At first, it seemed daunting to try something so technical with photography — but after reading up on the technique more thoroughly, it started making sense to me. With my camera set up for manual mode and ready for long exposures, I went outside one clear night, hoping for success. 

Using trial and error as my guide, I started experimenting with different settings until everything fell into place: Aperture at f/2; Shutter Speed at 25 seconds; ISO at 400; Focus Manual Mode — Infinity Setting; White Balance – Daylight setting (this gave me more control over color tinting).  

After playing around with these settings for a while longer until they were just suitable for capturing astrophotography images like never before — crystal clear stars shining brightly against deep black skies without any traces of blurriness or noise — there was no turning back.

Whenever conditions are favorable outdoors, I look forward to using my trusty camera setup and those same settings again and rejoicing in awe at yet another successful attempt at astrophotography.

Conclusion

Understanding how different settings affect each other allows photographers greater control over their images and helps them create better photographs more quickly and efficiently.

In summary, understanding the basics behind shutter speed can help photographers select appropriate settings for each situation they encounter while shooting.

By being aware of how different settings interact — like aperture vs. ISO vs. shutter speed — photographers can decide which ones should be used together based on desired results. 

Through trial and error, they will soon find out which combinations work best for them in specific situations.


Frequently Asked Questions

How is shutter speed measured?

Shutter speed measures how long a camera’s shutter remains open while photographing.

It’s expressed in seconds and fractions of a second often referred to as “f-stops.”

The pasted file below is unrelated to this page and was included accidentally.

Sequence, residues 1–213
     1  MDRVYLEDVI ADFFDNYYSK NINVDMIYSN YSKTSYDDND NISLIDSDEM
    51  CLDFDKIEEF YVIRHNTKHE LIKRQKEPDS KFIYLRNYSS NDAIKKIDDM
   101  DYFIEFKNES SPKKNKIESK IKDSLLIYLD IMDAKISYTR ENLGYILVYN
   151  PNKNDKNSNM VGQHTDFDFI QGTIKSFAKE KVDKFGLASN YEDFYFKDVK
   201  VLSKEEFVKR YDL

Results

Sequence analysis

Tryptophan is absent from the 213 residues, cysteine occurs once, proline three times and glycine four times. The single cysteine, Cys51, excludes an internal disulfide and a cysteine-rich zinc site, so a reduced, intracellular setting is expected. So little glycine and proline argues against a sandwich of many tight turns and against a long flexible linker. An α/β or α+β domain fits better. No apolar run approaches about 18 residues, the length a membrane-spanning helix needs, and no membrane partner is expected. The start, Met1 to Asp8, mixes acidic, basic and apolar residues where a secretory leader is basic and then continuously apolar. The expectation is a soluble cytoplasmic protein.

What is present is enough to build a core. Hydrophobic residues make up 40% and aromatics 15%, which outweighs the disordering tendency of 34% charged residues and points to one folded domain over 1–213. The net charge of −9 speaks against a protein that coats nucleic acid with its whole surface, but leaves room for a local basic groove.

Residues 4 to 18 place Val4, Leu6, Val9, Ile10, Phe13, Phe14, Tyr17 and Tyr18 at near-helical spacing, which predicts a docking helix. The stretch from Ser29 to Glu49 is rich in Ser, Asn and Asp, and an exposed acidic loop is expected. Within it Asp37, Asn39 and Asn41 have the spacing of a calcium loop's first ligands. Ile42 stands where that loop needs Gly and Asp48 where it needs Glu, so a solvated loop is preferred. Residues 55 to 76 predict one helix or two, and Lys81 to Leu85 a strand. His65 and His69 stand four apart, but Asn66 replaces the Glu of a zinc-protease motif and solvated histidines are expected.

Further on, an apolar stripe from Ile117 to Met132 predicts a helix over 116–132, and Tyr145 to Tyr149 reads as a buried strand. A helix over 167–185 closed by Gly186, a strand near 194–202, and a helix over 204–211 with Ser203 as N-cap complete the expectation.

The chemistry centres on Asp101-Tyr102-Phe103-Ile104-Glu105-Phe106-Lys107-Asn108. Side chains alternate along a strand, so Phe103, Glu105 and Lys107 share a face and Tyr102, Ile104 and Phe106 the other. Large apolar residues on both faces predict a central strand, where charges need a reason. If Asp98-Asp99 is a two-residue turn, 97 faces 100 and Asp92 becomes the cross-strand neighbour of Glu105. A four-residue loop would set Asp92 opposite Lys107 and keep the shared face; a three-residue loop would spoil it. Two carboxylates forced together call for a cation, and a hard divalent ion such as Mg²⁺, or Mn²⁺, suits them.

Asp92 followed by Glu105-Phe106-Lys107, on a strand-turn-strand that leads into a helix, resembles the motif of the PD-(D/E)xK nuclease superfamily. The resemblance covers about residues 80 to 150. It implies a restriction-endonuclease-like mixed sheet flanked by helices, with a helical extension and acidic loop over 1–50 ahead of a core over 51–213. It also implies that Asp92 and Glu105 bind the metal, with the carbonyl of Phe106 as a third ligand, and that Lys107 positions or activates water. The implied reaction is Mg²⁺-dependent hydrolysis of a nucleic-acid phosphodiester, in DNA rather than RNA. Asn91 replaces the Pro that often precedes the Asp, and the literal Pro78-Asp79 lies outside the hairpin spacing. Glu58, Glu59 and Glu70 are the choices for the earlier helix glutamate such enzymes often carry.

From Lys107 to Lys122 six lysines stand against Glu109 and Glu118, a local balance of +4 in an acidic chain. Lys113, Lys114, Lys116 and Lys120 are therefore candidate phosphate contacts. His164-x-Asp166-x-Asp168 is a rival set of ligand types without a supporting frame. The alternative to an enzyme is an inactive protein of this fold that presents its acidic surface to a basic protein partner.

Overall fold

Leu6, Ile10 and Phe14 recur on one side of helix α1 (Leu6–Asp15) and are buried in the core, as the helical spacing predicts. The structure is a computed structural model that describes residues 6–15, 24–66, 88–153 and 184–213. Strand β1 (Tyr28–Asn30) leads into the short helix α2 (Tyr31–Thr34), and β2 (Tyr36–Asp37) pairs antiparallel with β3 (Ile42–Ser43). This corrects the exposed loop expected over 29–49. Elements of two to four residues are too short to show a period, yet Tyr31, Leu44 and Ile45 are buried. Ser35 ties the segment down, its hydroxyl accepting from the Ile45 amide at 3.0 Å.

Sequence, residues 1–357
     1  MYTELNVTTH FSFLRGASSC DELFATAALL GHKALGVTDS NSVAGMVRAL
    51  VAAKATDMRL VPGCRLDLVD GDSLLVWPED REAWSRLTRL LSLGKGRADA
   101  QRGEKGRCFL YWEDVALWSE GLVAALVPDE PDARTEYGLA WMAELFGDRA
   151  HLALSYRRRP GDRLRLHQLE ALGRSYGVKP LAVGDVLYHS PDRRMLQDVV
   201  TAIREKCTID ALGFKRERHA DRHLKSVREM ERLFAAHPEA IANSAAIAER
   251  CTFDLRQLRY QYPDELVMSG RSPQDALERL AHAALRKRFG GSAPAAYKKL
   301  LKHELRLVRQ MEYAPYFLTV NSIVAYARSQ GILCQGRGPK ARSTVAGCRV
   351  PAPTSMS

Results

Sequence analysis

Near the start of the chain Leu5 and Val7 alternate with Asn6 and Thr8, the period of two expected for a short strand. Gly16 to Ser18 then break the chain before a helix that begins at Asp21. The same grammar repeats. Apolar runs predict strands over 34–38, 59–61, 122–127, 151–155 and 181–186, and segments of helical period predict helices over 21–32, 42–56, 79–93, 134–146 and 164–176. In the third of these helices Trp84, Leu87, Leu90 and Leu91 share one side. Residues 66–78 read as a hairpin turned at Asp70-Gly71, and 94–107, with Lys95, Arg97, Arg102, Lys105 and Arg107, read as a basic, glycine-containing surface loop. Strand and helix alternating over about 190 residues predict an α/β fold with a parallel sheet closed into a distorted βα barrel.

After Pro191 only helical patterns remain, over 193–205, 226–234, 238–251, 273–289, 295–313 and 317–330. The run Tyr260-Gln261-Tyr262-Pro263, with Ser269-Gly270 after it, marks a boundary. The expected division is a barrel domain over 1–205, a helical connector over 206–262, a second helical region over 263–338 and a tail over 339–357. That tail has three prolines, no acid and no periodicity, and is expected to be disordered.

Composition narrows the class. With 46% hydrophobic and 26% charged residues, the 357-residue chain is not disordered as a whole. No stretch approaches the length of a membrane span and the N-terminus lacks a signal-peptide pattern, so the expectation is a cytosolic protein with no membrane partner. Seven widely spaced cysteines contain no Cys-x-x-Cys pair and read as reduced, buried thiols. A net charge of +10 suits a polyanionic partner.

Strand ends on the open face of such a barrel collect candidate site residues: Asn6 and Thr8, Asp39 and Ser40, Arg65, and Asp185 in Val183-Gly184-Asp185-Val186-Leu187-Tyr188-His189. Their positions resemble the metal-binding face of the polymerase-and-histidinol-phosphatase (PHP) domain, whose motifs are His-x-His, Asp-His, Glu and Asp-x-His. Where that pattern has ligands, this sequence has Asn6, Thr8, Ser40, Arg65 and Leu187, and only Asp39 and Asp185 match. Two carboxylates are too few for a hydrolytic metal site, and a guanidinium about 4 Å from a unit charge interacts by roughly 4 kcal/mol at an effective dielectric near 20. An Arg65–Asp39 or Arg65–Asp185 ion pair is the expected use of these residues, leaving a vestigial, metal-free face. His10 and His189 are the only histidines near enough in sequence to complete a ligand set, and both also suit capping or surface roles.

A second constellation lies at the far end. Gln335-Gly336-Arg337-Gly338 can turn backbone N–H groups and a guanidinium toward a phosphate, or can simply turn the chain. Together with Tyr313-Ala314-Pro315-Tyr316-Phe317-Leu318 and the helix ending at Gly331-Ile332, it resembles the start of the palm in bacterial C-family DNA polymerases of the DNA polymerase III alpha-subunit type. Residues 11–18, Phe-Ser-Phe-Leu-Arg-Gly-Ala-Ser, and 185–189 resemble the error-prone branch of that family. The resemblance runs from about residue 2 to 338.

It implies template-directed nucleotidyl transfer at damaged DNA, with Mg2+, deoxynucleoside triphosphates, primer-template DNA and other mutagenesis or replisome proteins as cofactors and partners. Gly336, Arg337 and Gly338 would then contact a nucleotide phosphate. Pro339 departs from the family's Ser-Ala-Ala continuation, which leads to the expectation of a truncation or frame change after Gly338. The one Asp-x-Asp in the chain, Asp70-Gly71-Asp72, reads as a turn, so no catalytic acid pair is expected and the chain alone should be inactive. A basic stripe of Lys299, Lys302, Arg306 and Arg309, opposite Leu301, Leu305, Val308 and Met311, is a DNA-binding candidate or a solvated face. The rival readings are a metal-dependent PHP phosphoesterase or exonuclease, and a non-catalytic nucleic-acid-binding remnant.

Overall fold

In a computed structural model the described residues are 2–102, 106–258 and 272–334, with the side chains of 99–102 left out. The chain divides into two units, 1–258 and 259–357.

F-stop measures the length of time that the subject is exposed to light, and calculating the exposure of a scene depends on what type of photograph you are trying to create.

A fast shutter speed will stop motion in its tracks because there won’t be enough time for motion blur, whereas a slower shutter speed can help emphasize motion by creating motion blur.

By understanding shutter speed and how it works, photographers have more control over their results.

What does 30 shutter speed mean?

A fascinating concept that often intrigues aspiring and experienced photographers alike is the significance of the 30 shutter speed.

At its core, a 30 shutter speed indicates that the camera’s shutter stays open for 30 seconds, allowing ample time for light to enter and create the image.

This remarkable setting opens up a world of creative possibilities for capturing stunning long-exposure photographs.
Imagine the ethereal effect of stars tracing their celestial paths or the breathtaking sight of a waterfall transformed into a silky smooth cascade.

With the mastery of 30 shutter speed, photographers possess the key to unlocking the hidden beauty of nature and time, transforming ordinary scenes into extraordinary visual narratives.

How do I adjust the shutter speed?

Mastering the art of adjusting shutter speed can elevate your photography skills to new heights, capturing those perfect moments with increased clarity and creativity.

As you delve into the world of shutter speed, you’ll discover the endless possibilities of creating stunning effects, such as freezing action or producing artistic motion blur.

Begin this fascinating journey by familiarizing yourself with your camera’s manual or shutter priority mode, allowing you to take complete control of the shutter speed settings.

Experiment with speeds ranging from fast (1/2000 of a second) for effortlessly freezing high-speed action to slow (30 seconds or more) for capturing the ethereal beauty of star trails or light paintings.

Delight in the satisfaction of conquering the intricacies of your camera, harnessing the power of shutter speed to craft striking, one-of-a-kind images that’ll leave your audience in awe.